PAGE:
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January 2020 Ex-Smokers   Quit Buddies Unite

Started Dec-3 by ModDee; 27582 views.
suemegan

From: suemegan

Jan-3

Those question marks were supposed to be hearts:)

BlueDahlia29

From: BlueDahlia29

Jan-3

Hi Suemegan. This is a journey and even though you had a slip I'm sure you learned something about yourself that will help you along on the path you are on now. You can do this, it's not easy but it's simple---don't smoke. Do whatever you need to do to keep yourself from lighting up and be sure to replace the addiction with a hobby or activity you enjoy, that will help tremendously and always post here first before you light up.  Wishing you much success- You CAN do this!!!!

DanJF3

From: DanJF3

Jan-4

Just passed the 3 day mark myself about 4 hours ago.  Overall these past 3 days haven't been too horrible, just a bit of anxiety last night. The thought of smoking is certainly very present but I guess that's no different than any other day other than I managed to stay busy and not seriously consider the possibility of lighting up.  I'm happy to be a part of the discussion group, it helps not to be alone in this challenging journey.  

Dan

In reply toRe: msg 17

Hi January Ex-Smokers,

Here's a wonderful list ModJenn put together that should come in handy.

Quit Toolbox

  • Drink ice water through a straw. Repeat. Drink ice water through a straw. Repeat...
  • Knowledge is power. Read everything you can get your hands on about this addiction. The more you understand about your own addiction to nicotine, the better equipped you become to get through the cessation process.
  • Post on the Forum until your fingers are sore. Post, post, post. 
  • Closely related: Go to the NOPE pledge daily and hold yourself accountable.
  • When you come across posts that inspire and/or strengthen you ~ copy and paste them into a Word document. In this way, you can reread them when you feel wibbly wobbly and are climbing the walls.
  • Distract, distract, distract. (Shhhh.....I would do jumping jacks and by the time I got to about 10-12 I was distracted -- that's for sure. Try puzzles, reading a book, anything that shifts the focus of your thoughts.) More generally, stop whatever you are doing, move, and do something else. The craving will pass.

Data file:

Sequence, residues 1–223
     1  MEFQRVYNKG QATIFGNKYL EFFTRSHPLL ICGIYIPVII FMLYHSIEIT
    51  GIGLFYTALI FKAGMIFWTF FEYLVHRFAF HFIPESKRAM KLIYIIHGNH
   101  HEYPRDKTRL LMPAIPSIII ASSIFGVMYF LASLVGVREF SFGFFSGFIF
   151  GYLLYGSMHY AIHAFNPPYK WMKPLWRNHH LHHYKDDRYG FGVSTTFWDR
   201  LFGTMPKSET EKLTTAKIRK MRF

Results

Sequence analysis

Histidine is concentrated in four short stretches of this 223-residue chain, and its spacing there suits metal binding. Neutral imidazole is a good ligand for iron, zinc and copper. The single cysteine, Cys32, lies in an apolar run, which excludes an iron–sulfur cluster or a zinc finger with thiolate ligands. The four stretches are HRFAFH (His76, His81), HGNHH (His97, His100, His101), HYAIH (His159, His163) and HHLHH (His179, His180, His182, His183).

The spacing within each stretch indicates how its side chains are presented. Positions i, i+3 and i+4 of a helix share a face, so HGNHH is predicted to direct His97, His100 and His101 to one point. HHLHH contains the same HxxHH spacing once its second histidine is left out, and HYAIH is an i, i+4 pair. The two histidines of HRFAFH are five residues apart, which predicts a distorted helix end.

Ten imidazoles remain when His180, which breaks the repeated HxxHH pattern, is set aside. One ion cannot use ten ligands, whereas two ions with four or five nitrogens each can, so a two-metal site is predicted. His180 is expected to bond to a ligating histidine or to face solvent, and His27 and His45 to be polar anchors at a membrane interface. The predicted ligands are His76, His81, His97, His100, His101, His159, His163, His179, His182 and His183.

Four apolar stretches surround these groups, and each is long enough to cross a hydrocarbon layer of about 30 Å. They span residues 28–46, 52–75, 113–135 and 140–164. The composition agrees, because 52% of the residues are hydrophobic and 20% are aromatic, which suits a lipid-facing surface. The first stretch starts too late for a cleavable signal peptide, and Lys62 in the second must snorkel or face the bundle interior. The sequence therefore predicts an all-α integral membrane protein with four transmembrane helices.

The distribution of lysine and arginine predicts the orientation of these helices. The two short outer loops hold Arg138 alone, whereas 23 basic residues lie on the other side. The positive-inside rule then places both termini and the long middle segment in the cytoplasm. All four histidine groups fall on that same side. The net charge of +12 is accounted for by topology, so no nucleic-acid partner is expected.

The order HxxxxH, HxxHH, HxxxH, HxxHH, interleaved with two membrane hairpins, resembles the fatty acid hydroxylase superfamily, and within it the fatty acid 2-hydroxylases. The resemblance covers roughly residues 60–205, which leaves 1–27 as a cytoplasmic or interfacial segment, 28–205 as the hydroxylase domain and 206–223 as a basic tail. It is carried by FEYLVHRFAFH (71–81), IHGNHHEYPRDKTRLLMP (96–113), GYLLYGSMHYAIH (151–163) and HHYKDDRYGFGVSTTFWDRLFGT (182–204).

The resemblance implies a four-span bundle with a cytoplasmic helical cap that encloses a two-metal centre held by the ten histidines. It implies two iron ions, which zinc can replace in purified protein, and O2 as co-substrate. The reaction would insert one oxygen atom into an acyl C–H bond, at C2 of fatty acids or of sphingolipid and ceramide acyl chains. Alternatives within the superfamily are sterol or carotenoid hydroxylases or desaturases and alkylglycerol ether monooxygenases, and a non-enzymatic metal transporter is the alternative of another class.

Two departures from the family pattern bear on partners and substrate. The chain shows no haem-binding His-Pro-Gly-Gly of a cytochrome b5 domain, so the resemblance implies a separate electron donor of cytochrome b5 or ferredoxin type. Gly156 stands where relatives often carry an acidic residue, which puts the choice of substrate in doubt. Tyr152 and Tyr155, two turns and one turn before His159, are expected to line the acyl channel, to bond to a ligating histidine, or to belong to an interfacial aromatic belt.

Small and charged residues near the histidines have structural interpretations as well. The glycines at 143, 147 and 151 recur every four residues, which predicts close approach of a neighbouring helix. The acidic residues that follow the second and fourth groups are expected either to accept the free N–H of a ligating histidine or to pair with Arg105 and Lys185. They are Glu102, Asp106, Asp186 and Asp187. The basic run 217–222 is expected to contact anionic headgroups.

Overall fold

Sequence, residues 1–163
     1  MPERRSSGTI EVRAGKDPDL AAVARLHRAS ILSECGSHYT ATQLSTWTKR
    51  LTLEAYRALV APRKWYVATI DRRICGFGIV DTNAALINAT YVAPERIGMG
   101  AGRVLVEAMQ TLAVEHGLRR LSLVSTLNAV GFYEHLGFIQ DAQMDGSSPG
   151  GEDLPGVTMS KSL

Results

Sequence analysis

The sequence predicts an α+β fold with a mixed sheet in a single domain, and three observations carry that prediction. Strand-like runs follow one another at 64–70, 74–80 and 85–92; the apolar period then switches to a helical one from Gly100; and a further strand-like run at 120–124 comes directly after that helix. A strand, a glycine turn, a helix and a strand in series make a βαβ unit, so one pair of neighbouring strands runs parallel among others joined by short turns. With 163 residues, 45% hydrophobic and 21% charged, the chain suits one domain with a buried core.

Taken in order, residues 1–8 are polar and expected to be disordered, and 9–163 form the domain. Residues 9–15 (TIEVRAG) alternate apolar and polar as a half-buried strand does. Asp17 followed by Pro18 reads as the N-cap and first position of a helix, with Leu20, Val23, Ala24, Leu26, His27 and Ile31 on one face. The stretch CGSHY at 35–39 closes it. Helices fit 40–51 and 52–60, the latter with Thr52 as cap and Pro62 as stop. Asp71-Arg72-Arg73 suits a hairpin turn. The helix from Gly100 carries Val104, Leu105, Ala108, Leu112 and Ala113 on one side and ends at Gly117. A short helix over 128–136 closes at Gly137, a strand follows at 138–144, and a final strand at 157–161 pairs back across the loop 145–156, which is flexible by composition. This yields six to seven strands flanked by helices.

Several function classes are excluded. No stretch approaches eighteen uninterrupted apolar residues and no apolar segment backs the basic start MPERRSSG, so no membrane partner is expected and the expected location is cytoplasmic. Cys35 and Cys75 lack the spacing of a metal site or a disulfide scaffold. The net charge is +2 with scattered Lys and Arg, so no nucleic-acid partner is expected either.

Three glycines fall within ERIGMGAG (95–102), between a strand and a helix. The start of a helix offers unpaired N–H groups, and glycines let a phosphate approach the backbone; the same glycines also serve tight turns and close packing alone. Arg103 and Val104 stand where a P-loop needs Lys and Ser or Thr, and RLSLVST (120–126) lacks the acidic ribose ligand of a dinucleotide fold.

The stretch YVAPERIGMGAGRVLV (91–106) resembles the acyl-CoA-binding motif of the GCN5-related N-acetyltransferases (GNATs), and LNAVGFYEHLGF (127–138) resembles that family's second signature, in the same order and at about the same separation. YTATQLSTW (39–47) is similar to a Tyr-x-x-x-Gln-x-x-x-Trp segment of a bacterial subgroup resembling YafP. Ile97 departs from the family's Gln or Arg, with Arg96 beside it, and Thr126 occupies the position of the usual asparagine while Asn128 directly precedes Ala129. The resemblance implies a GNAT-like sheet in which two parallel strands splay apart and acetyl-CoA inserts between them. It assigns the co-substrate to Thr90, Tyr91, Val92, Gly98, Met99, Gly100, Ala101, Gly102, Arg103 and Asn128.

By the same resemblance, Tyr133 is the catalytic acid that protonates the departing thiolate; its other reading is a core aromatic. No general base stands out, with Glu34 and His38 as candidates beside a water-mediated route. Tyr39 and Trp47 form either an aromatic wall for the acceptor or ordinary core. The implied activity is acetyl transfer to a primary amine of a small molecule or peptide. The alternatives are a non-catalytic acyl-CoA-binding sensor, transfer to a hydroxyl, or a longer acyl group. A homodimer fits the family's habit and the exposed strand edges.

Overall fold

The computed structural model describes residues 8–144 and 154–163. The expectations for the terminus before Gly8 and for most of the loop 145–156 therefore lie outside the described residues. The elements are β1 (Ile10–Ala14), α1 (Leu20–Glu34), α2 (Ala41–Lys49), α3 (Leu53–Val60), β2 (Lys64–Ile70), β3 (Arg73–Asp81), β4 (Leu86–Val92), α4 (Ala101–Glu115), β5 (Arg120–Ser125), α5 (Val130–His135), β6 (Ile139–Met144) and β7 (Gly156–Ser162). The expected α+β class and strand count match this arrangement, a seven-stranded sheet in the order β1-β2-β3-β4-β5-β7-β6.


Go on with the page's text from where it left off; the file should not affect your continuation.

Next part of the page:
• Remind yourself this is a journey and the more time you put between now and that last cigarette, the stronger your quit muscles become and the more you have in your quit toolbox. Take it one minute and hour at at time, if necessary, and the days will keep adding up.
  • Every day you go to bed smoke-free is a good day. Be kind to yourself along the way.
  • What you are experiencing is normal - "this too shall pass".
  • Take a shower. Brush your teeth. Put on lotion.
  • Read your quit reasons.
  • Create a list of all the benefits you are experiencing now that you no longer smoke. Practice gratitude at least once a day for these benefits and life changes.
  • Cinnamon flavored sugar-free gum (even cinnamon sticks).
  • Chai tea (I had to avoid coffee for a while but can drink it now without a problem).
  • Eat healthy snacks, such as carrots or frozen grapes (Some honesty here: I didn't always do so well with this one due to this pesky sweet tooth I developed once I could taste my food again. The good news is that as my quit felt more secure my eating wasn't as erratic.)
  • Protect your quit at all costs by avoiding situations that are high-risk for you, especially in the early part of the quit (e.g., other smokers, alcohol, etc.).
  • Make a plan for handling cravings when around temptation. Do not enter potentially difficult situations without a plan.
  • Remind yourself that it's going to be okay - time is your friend as you relearn every aspect of daily life.